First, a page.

GATH'ER, verb transitive
1. To bring together; to collect a number of separate things into one place or into one aggregate body.
Gather stones; and they took stones, and made a heap. Genesis 31:46.
2. To get in harvest; to reap or cut and bring into barns or stores. Leviticus 25:20.
3. To pick up; to glean; to get in small parcels and bring together.
Gather out the stones. Isaiah 62:10.
He must gather up money by degrees.
4. To pluck; to collect by cropping, picking or plucking.
Do men gather grapes of thorns, or figs of thistles? Matthew 7:16.
5. To assemble; to congregate; to bring persons into one place. Ezekiel 22:19.
6. To collect in abundance; to accumulate; to amass.
I gathered me also silver and gold, and the peculiar treasure of kings. Ecclesiastes 2:26.
7. To select and take; to separate from others and bring together.
Save us, O Lord our God, and gather us from among the heathen. Psalms 106:47.
8. To sweep together.
The kingdom of heaven is like a net that was cast into the sea, and gathered of every kind. Matthew 13:28.
9. To bring into one body or interest.
Yet will I gather others to him. Isaiah 56:8.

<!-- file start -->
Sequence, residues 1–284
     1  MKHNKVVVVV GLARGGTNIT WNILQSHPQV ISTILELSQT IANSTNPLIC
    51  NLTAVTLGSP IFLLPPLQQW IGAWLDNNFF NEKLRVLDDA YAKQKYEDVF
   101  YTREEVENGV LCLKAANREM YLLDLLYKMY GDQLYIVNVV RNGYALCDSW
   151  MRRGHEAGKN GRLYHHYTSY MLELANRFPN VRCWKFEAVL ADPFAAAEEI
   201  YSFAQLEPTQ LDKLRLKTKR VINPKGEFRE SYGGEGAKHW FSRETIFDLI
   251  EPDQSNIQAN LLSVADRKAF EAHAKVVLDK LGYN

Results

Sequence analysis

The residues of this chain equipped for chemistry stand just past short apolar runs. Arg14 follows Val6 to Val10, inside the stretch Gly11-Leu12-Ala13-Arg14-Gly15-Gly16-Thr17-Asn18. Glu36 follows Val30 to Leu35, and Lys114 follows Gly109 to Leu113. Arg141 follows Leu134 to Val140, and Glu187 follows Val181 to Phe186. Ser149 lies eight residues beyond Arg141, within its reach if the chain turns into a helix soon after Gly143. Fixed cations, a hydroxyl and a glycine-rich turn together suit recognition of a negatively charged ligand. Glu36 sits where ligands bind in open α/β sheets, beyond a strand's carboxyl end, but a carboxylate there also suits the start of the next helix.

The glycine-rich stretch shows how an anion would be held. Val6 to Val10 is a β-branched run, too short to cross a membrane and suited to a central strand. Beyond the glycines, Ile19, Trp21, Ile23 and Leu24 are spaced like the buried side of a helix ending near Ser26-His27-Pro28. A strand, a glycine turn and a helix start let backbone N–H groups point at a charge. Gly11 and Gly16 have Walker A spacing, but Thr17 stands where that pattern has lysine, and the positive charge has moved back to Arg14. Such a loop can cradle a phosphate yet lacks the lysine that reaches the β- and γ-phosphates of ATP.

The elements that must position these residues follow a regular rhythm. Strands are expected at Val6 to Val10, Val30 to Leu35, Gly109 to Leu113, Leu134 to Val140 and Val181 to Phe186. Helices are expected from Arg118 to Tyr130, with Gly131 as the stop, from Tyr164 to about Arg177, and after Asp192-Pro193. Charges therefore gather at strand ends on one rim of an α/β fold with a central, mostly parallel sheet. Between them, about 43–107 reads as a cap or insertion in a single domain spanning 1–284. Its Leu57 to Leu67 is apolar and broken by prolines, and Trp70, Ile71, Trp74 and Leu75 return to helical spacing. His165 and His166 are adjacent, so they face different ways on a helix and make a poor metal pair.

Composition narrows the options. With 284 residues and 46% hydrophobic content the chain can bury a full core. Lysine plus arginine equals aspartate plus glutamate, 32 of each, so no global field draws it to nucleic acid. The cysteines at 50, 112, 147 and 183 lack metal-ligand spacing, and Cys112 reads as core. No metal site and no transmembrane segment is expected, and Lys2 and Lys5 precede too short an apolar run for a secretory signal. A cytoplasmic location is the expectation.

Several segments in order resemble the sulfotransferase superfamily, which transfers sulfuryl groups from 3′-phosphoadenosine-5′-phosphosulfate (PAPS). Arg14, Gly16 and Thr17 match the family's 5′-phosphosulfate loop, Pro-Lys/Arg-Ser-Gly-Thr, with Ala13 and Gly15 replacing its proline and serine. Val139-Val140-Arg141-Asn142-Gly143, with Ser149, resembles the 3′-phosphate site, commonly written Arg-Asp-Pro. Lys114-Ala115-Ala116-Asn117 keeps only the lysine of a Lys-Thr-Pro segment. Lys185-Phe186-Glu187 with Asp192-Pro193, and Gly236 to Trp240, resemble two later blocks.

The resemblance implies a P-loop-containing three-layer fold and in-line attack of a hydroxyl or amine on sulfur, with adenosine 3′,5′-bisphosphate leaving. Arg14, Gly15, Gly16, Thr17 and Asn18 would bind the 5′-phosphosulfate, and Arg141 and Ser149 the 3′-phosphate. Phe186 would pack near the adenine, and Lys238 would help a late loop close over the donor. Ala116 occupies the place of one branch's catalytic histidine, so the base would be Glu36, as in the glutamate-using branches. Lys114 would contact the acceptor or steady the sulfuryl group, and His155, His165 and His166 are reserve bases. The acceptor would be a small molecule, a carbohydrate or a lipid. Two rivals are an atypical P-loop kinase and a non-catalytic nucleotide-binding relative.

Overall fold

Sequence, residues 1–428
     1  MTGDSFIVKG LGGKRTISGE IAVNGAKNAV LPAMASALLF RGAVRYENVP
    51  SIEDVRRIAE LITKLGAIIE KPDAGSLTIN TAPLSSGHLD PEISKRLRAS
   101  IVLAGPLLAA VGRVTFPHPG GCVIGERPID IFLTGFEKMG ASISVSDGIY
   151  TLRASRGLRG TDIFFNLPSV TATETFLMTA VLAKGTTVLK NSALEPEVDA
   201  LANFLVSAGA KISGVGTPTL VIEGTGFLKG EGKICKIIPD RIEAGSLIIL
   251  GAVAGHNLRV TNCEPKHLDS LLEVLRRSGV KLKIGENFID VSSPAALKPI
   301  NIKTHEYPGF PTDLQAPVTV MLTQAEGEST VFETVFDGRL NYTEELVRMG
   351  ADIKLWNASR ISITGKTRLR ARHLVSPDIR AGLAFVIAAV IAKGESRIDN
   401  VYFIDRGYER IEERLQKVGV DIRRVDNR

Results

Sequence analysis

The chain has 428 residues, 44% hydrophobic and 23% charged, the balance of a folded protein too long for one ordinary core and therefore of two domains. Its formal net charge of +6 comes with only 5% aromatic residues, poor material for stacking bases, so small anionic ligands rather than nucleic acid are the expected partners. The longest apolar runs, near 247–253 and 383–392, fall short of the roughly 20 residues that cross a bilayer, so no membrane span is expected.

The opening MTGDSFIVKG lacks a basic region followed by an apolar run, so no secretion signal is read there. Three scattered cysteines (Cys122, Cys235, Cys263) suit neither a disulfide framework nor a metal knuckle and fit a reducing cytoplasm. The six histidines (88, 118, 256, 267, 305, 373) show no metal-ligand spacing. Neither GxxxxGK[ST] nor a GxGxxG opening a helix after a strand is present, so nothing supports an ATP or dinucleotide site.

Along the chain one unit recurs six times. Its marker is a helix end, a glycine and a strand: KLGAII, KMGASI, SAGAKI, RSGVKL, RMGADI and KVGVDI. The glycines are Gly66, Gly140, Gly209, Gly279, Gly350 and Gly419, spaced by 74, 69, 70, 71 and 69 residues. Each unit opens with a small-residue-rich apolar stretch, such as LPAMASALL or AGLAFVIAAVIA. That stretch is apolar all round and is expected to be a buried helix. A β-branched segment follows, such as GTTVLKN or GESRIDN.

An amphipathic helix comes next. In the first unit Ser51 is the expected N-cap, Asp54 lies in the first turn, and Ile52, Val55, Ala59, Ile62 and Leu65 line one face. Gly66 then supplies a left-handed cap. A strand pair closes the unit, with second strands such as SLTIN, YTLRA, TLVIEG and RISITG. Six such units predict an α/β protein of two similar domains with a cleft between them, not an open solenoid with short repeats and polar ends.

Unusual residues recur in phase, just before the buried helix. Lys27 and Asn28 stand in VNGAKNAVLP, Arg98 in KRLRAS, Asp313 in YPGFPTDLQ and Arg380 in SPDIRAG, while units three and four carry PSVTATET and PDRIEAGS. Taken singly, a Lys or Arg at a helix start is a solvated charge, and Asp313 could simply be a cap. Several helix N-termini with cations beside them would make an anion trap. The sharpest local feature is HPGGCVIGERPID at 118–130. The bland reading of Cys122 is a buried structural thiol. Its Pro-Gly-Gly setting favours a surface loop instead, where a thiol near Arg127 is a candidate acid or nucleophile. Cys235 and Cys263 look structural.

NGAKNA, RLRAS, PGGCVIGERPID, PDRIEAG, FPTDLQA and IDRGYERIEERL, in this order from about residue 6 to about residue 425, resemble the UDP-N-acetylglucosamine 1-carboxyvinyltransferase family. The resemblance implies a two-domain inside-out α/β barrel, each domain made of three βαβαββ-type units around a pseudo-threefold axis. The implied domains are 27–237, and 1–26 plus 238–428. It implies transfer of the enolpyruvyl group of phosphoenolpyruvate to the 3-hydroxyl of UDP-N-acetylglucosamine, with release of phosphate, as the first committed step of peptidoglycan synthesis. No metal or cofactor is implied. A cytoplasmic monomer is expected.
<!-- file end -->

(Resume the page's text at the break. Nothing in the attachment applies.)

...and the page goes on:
10. To draw together from a state of expansion or diffusion; to contract.
Gathering his flowing robe he seemed to stand,
In act to speak, and graceful stretch'd his hand.
11. To gain.
He gathers ground upon her in the chase.
12. To pucker; to plait.
13. To deduce by inference; to collect or learn by reasoning. From what I hear I gather that he was present.
After he had seen the vision, immediately we endeavored to go into Macedonia, assuredly gathering that the Lord had called us to preach the gospel to them. Acts 16:1.
14. To coil as a serpent.
To gather breath, to have respite.
GATH'ER, verb intransitive To collect; to unite; to increase; to be condensed. The clouds gather in the west.
1. To increase; to grow larger by accretion of like matter.
Their snow ball did not gather as it went.
2. To assemble. The people gather fast.
3. To generate pus or matter. [See Gathering.]